Sunday morning was chilly, but we got going by 9am, with only a slight delay due to Tom being pulled over for going the wrong way on a one-way street.  The policeman checked our documents with a severe expression, but then waved us off.  We were car #5 in the parking lot at Teotihuacan, gained free entrance again, and were up Piramide del Sol shortly after.

We spent the rest of the day wandering the ruins, talking about what the city might have been like when it was thriving back in 100 b.c. to 700 a.d., climbing the pyramids, and taking direction from Noah, who was getting footage for his next film.  I'm sure it will be posted soon on  Yes, he talked me into getting him a URL of his own.
Teotihuacan was amazing.  Until you can catch a glimpse of it in a future Fringlerfilm, you can check out our photos.

Monday, November 10, 2008

Volcanic Hiking This Week, Pyramids Next

We continue to hike the Guanajuato area, and when our volcanologist friend Dave Tucker visited, we learned a lot more about the volcanic nature of our surroundings.  Now the kids know breccia from ignimbrite, and we see a little more of the geologic story in the mix of rocks.

Last weekend, with Noah at home recovering from a cold, we hiked with Dana and her friend Danae to a feature on our horizon that we call the Balanced Rocks.  The uphill was rather pokey from spiny plants, but once we cleared the ridge it was a wide open traverse to the rocks.

A highlight on the last uphill section was a scattering of bleached white cow bones.  The girls were very scientific in their explorations of them, and very impressed with the thickness and depth of bovine teeth.
Once at the rocks, there were some scrambling opportunities, peanut butter and jelly roll-ups (on tortillas) and a symphony of burro voices discussing who knows what across the hills.  We
 admired more wacky rocks and wished we had Dave with us to explain, then wandered down via a different route which brought us into town and
 our favorite shaved ice vendor before heading home.

Next weekend we're going to climb the pyramids of Teotihuacan north of Mexico City.  The guidebook says the Pyramid of the Sun there is the third tallest pyramid in the world.  With our almost weekly hiking here, we hope we'll have the stamina for that pyramid, the Pyramid of the Moon and the Pyramid of the Plumed Serpent as well.  Noah has checked them out on Google Earth, Tom has rented a car and found a campground there, and the kids have Monday off school, so it will be a long weekend of adventure in a new area for us.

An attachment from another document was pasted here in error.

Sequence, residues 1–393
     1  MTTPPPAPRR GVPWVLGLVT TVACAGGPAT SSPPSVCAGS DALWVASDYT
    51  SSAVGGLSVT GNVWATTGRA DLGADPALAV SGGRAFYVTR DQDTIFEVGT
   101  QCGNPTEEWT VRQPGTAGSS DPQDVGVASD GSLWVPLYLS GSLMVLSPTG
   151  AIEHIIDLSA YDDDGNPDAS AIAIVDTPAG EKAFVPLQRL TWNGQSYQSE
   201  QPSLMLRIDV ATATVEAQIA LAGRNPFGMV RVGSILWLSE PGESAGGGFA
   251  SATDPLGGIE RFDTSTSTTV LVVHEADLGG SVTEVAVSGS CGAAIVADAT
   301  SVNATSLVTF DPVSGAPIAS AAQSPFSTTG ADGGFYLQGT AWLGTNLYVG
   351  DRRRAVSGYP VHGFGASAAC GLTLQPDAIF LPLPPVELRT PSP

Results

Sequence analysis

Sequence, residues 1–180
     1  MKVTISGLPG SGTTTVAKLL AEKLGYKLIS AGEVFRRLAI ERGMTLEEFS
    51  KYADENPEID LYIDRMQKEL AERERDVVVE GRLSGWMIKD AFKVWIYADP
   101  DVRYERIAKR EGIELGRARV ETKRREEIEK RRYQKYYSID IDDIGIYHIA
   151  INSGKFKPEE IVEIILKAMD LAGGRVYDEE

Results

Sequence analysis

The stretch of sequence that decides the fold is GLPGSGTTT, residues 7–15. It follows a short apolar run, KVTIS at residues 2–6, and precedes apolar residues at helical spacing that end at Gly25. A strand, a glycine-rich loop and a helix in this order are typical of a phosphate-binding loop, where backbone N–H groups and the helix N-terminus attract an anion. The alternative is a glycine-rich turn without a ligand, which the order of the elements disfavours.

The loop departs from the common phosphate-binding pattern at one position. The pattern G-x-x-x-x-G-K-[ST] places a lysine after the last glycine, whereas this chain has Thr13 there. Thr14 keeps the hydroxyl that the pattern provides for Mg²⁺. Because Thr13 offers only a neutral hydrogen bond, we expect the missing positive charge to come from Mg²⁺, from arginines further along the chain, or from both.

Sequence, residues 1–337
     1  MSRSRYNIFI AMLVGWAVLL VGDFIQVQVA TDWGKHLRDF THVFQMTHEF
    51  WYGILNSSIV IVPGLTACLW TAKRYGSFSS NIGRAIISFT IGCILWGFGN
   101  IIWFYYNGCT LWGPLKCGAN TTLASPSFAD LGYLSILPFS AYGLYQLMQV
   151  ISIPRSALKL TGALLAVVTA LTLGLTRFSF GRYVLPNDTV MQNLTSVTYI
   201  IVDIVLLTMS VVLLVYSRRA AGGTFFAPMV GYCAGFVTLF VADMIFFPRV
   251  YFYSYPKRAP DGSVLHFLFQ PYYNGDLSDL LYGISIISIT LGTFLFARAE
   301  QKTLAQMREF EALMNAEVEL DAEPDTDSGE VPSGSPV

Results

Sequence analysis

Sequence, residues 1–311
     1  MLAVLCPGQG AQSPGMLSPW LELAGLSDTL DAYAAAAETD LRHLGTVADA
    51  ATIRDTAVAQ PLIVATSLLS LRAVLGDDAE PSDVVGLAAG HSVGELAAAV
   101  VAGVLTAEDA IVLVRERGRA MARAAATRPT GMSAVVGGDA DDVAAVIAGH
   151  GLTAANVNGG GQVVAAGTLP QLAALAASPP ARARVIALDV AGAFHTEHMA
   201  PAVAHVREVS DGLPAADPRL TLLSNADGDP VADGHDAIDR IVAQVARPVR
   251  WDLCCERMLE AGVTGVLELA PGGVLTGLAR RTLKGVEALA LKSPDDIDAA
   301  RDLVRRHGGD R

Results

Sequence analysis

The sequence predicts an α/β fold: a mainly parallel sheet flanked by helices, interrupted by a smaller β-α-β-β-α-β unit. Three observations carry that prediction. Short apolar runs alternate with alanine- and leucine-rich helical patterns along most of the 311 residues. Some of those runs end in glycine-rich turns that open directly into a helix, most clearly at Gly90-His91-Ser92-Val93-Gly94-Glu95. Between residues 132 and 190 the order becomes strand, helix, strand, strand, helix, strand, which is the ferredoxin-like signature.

Sunday, November 2, 2008

Day of the Dead meets Halloween

Goodbye Pink Bathroom, Hello Fish Sink

Our apartment with the colorful city view has been exchanged for a two-room casita that looks out towards La Bufa, our neighborhood cross atop a rocky hill.  The apartment was a great place to land in Guanajuato, and helped us get acclimated.  I remember on our very first day when I looked at the microwave, and realized that I really was in a new land.  Of course the start button would say "inicio" and the stop/pause button would say "borrar/parar."  I just didn't know those words yet.

Similarly, the apartment taught us that the sink knob labeled "C" gets you hot water, not cold, because "C" is for caliente (hot).  Retooling other habits sometimes took a little longer.  Dana ended up making signs for the bathrooms that said, "Don't drink the water" and "Put the toilet paper in the waste basket."  And still we would forget sometimes.

But now we've got it, and we also got used to the apartment's restroom choices: the pink bathroom or the blue bathroom. The former might well be named Queen Barbie's Beauty Palace, just as a character named her room in Broken For You by Stephanie Kallos, which Tom and I just read.  The blue bathroom became Noah's domain, after Dana was grossed out by the way he left the sink and jumped ship to the pink bathroom off the adults' bedroom.

In the new house, we're sharing one bathroom, and it has an amazing fish sink, so I'm sure Noah won't leave it toothpaste streaked.  The casita of the amazing view has outdoor space to play in, Internet service, a loft bed for Dana, is quiet, and is in the same neighborhood - just over the hill from the apartment.  We're enjoying the change, yet glad that the kids' school is still close, and we can still see the neighborhood folks like Carlos, Tom's buddy who sells barbecued chicken in the afternoons.  So if you asked us what's new for November, I might just have to say that it's goodbye pink bathroom and hello fish sink.